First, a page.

Jeffrey Katzenberg is repeating history, almost 20 years later.
His "sophomore slump" memorandum. which was one of the first pieces of internal Hollywood industry correspondence published by a media outlet without authorization - in Variety, though there is no trace of it from searching their website and we are still working on finding a full copy of the memo from 1991 - was all about how the high concept studio that he and Eisner perfected in resurrecting Disney was about to become bastardized, overused, overspent, and devalued.
He was dead on.
And now, in Variety - yes, they can still get a studio head to do an interview between blog leaks - he is at it again. And I am quite sure that he is right again.
" We are asking the moviegoers to pay a 50 percent premium to come see these films. So I think (there will be a) backlash. It will be a whiplash. They will walk away from this so fast."
Yeah. 50% isn't true, but close enough.
Now, I have to call bullshit on JK a little. He seems to be suggesting that since he built this thing - and only Jim Cameron's fingerprints are as firmly connected to Nouveau-3D - that he should be allowed to decide who gets to milk the cash cow.
He beneficently gives Alice in Wonderland a pass... buying into the spin that Tim Burton designed a second of it for 3D... but Clash of the Titans is just too much for him!
"the revenue (today) from a successful 3D release net to the studios is greater than the erosion in the DVD market over the last two years."
Yes... for that ONE film. But not for the industry overall. He runs a company now that is 3D Animation Only. His one or two films a year are clearly benefited. So studios that release 15 films a year need to back off so he can be safe generating his increased profitability?
The bottom line is that most big studio films are shit, have been shit, and will be shit. Alice wasn't any better because of 3D, whether it was shot for the projection system or not. There may be another movie which feels as good in 3D as Avatar again... though I would still argue that Avatar was no better in 3D than in 2D. But those movie experiences are few and far between.
"For the last four or five years, the raging debate here has been the inability of Hollywood to convince exhibition, because there's really nothing in it for exhibition. It doesn't change the economics of their business. They can't charge more for a digital experience. The thing that finally got everybody off the dime was when there was something in it for exhibition, which was 3D.
So now take that 3D out of the equation and you derail that (digital) train. And who's the biggest beneficiary of digital, of a full digital platform? Hollywood. So when you want to talk about the effect of actually blowing this, it's unbelievable."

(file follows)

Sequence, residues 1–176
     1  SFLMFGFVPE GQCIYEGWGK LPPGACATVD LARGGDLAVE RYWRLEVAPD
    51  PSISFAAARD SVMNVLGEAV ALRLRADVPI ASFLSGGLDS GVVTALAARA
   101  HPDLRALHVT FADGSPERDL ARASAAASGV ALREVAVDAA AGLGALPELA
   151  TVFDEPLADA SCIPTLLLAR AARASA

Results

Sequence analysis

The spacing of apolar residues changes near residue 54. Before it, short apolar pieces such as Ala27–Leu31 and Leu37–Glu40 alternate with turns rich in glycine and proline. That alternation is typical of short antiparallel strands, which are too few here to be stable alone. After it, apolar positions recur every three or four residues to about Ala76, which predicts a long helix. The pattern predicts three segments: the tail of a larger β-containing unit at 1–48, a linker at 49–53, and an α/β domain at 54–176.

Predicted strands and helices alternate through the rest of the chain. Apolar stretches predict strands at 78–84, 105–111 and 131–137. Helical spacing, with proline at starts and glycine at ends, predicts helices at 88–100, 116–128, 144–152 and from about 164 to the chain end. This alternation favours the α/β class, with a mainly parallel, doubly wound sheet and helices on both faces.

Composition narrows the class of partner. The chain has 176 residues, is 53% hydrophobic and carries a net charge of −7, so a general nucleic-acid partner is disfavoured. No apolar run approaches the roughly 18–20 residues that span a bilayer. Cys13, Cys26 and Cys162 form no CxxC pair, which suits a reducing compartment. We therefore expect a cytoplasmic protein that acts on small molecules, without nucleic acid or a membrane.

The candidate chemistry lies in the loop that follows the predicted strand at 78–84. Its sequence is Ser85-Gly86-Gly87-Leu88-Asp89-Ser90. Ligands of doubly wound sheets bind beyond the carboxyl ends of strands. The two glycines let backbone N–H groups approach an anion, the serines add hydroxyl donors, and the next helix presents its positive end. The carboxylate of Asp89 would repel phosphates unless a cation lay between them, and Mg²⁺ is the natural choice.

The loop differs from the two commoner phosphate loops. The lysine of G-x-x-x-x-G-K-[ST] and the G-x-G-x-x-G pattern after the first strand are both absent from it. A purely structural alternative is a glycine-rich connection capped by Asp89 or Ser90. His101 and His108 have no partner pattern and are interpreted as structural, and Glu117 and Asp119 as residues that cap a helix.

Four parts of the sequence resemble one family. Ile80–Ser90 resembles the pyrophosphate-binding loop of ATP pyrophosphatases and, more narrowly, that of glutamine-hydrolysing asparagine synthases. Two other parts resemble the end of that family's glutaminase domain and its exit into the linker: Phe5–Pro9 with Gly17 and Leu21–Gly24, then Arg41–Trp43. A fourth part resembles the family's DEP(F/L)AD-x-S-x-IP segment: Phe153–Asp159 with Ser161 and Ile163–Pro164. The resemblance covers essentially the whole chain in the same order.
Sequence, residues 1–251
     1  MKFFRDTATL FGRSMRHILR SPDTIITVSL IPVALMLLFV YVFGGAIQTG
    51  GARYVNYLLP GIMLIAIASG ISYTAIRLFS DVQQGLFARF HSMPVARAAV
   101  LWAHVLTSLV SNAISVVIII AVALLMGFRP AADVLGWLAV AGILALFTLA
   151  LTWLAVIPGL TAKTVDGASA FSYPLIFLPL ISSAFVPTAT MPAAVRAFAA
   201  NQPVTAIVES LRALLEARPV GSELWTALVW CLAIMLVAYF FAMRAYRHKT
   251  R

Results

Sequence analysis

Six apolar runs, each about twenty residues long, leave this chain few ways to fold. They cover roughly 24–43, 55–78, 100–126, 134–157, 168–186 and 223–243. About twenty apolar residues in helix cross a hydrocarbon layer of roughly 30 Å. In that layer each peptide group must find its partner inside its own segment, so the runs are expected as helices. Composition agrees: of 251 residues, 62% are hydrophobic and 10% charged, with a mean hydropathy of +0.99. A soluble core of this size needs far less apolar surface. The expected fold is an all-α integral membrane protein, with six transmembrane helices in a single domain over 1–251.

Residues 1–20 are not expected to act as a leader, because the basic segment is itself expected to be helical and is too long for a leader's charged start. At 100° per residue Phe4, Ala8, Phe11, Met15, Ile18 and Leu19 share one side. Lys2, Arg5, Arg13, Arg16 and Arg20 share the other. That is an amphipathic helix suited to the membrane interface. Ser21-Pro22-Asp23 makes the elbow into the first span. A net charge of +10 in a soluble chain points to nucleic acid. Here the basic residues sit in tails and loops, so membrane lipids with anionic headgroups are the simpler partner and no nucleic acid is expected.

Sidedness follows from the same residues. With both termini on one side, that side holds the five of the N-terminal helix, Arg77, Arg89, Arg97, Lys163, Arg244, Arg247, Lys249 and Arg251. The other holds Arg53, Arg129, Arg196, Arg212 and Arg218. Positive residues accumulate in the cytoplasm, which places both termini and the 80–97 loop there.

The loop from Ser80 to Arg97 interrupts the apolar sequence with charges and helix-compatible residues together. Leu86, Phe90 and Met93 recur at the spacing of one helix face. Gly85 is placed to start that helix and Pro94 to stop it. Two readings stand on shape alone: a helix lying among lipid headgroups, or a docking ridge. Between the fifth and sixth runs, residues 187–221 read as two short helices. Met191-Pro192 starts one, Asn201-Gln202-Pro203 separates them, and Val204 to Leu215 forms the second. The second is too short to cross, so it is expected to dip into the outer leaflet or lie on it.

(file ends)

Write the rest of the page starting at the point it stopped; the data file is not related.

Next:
Again... a bit of hyperbole. What got the theaters off the dime is that the studios finally agreed to pay most of the bill for the new projectors. Indeed, there are hundreds of millions and as much a $2 billion per year to be saved by studios by having digital exhibition. That train has left the station and is not coming back. It would make no sense for the studios to get in their own way.
For the first time in almost a decade admissions are way up. Almost all of it can be attributed to 3D. There's a reason to get out of the home and go back to the movies.
More spin. Almost all of it can be attributed to Twilight 2, The Hangover, The Blind Side, and Avatar.
That said, every $100 million domestic animated film other than The Princess & The Frog happens to have been in 3D. But if you look at 2008's $100m animated grossers, only one of which was 3D, they were less than 20% behind the average domestic gross of 2009's six animated $100m films.
Can anyone legitimately say that 3D was the difference? No. And has been pointed out, as discussed many times here, admissions is a blurry, blurry stat. Did admissions really go up a lot? I don't really know. What I do know is that there were 6 films that grossed over $200m domestic in 2008 and 10 in 2010. Is that 3D's fault?
I am convinced that there (is) a high road to take, and that it would produce the best opportunity to come along for our business in a decade. I'm even more convinced that if we take the low road, we'll be out of the 3D business in 12 months.
The "low road" is everyone jumping on the bandwagon. The "high road" is 10 films a year... without quality police. Keep the novelty. Keep the bonus pricing.
JK is dead right. This will blow up. It will sink. And not because this movie sucked or it was 2D conversion that was never meant to be 3D or whatever. 3D was the new fad in town this year. And as I have written before, the opportunity is being raped more quickly than I have seen any other phenom get raped. But when 3D matures... like IMAX... it is a niche' thing, not a new standard. And if the industry keeps acting as though it is some new standard, it will die like the dodo. And as Katzenberg says... it will happen faster than you can say, "DVD."